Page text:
Hi everyone! Happy Spring! I am so excited and looking forward to the warm weather. Today I would like to share my first attempt at a reverse canvas. It measures 20” x 20” and is somewhat like a GIANT layout! I had so much fun making this project because I used so many different elements. Below are a few steps describing how I texturized the frame of my canvas.
STEP 1: First apply a coat of Claudine Hellmuth Studio Gesso. The gesso acts as a primer and allows the work surface to accept paints and other mediums easily. It also adds a subtle texture to
STEP 2: After the gesso dries, apply a layer of DecoArt Texture Stucco, a paintable texture. I would suggest allowing the stucco to dry overnight.
STEP 3: Once the stucco is completely dry, paint the texture with acrylic paint. Although the stucco medium is a firm texture, be careful not to chip off any pieces. Apply as many coats of paint as desired.
STEP 4: Next, apply a crackle medium. I used a two-step crackle made by Folk Art. Allow to dry.
STEP 5: Spray the frame with Glimmer Mist and allow the ink to seep between the cracks.
STEP 6: I also added a little Distress Crackle Paint. I randomly painted areas of the frame with the white paint.
STEP 7: Once the paint is dry I coated the entire frame with a clear acrylic sealer. It helps prevent the paint and stucco from chipping. I chose to use a matte sealer instead of a glossy sealer because I wanted the frame to have a worn look. Once the sealer is dry, the surface of the frame will harden and become easier to embellish.
All of the chipboard elements, including these ornate corners, are made by The Dusty Attic. I inked these corner chippies with Glimmer Mist and randomly embossed them using Distress embossing powder. I embellished each corner with mulberry flowers as well as floral vines made by Prima and pearl flourishes by ZVA.
I used a template to give me the basic shape of this stitched flourish, but I added additional stitches to achieve greater detail.
The white ferns are also chipboard elements and were painted white and covered with glitter.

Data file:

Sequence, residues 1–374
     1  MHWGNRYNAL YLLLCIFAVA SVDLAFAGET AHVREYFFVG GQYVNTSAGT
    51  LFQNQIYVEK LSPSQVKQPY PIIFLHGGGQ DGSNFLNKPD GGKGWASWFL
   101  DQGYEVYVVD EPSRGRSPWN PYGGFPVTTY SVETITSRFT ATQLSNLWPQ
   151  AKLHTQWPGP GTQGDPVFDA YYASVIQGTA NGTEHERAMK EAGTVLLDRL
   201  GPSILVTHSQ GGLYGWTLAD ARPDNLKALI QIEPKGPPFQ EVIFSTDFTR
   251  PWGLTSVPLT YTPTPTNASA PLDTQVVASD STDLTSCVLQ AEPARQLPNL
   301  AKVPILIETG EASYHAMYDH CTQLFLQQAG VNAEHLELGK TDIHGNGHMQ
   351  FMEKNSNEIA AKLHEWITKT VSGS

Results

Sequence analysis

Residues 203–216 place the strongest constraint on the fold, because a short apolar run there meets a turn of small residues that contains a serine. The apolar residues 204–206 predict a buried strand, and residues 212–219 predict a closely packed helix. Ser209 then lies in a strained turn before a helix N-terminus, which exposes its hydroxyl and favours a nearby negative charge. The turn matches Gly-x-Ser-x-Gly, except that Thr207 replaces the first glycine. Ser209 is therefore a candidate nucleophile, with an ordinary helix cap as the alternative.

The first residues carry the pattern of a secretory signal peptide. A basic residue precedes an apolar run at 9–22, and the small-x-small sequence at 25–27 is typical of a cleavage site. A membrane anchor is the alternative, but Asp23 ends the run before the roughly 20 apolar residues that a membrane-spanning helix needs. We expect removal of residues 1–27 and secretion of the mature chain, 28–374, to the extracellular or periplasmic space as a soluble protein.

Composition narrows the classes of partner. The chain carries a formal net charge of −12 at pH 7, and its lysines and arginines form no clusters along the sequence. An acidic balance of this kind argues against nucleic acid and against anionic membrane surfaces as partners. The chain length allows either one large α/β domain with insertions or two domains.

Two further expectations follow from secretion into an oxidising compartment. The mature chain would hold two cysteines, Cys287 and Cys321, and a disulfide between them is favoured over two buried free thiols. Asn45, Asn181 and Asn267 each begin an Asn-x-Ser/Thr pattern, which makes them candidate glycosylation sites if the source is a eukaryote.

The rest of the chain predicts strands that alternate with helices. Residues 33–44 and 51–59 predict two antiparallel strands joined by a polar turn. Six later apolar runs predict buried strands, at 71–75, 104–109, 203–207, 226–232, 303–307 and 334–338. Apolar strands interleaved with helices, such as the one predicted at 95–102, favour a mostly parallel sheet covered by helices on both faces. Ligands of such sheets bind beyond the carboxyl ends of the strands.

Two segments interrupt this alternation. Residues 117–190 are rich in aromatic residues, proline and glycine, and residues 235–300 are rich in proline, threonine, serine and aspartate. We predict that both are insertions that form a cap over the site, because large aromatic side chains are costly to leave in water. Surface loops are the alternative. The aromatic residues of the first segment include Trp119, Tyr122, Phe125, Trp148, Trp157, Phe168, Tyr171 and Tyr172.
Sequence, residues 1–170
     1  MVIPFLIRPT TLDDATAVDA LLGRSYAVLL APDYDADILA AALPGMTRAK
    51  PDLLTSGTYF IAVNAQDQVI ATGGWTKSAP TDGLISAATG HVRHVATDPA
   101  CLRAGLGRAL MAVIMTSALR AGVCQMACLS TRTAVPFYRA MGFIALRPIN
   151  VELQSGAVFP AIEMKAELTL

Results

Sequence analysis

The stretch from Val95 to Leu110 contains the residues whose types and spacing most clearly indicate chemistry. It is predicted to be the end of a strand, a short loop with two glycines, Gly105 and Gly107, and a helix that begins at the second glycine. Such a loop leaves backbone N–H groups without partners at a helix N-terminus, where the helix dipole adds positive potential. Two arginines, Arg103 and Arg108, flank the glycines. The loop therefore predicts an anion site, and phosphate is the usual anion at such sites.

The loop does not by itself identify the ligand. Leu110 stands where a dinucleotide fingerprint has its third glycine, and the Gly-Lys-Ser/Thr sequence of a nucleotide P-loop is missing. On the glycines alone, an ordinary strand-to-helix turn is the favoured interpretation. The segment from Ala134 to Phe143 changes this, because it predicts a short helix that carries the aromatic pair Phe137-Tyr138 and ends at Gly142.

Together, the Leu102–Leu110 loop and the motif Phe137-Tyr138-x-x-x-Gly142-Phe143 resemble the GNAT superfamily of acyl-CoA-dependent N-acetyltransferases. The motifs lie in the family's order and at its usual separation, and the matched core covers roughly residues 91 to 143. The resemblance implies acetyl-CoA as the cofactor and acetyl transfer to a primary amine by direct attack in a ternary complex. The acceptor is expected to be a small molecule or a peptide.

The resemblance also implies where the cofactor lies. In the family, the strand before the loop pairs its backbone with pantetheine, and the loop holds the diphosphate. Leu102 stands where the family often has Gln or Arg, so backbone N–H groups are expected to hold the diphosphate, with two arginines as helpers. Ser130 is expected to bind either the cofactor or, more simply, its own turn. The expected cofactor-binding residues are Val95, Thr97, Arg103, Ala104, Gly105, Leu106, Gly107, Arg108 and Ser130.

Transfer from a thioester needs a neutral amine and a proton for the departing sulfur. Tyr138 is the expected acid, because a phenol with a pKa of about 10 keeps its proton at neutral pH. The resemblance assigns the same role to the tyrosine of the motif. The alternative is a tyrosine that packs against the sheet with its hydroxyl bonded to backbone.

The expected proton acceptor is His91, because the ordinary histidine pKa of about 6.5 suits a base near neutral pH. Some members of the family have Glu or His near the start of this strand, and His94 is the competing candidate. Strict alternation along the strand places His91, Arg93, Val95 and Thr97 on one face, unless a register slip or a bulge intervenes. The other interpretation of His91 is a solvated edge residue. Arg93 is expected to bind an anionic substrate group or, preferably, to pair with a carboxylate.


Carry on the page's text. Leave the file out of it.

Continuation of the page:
This flower is made by Prima and was originally a light blue. I inked it using Glimmer Mist to match my papers. The swirly vine chipboard element was painted and inked in several colors to give it a distressed look.
This is the actual cap that my daughter wore in the hospital. :o) I can’t believe how tiny it is! It is amazing how quickly children grow.
I tend to do a lot of hand-stitching on my layouts. I love the added texture it adds to any project.
To create the masked flourish on the photo, I used a Prima mask and Distress Ink. The pearl flourishes are made by Prima and ZVA, and the green foliage is a chipboard element that was dry embossed and inked.
A little lace was stitched beneath my photo to add a softer feel to my canvas. The decorative frame chippie were altered the same way as the ornate corners.
The title is made from Thickers alphabet stickers. The smaller letters are foam Thickers that were inked and coated with Glossy Accents to give it a crackled effect. The fence is made out of real wood. I painted it white and inked it to give it more of a worn look.
I really enjoyed working on this canvas. It was slightly different from creating a traditional layout. I look forward to making another one soon... but perhaps not SO large. :o)
Before I go, I’d like to share how I store my paper scrap. Originally, I had my scraps organized in file folders and sorted by color. To be honest, I never once used my file box full of scraps. I just found it to be a pain to sort through all of those little papers just to find the one I need. But then I realized that it was silly to waste an entire sheet of cardstock just to make a tiny flower. I also realized that the problem was how I ORGANIZE my scrap paper. This is when I found the perfect use for the Clip It Up Swinging Wall Arm.
I installed the Swinging Wall Arm on the wall beneath my desk. I organized all of my scraps by color and placed them in poly envelopes with snap closures. Now I can easily see what is in each envelope. To prevent the clips from sliding off of the poly envelopes, I used Clip Grips. The Clip Grips are fantastic! What I love best about this system of organization is that it takes up very little space. The first photo you see here was taken with the arm in a ‘closed’ position (parallel to the wall). The second photo is the
Swinging Wall Arm in an extended position. Either way, this Clip It Up works perfectly for organizing my scraps! Now I have no excuse for wasting an entire sheet of cardstock. My scraps are now within reach and I am finally using up my stash!
Thanks for taking the time to stop by and read my post. I am looking forward to sharing more projects with you, and I also hope to share more about how I organize my craft studio.
Have a beautiful day!
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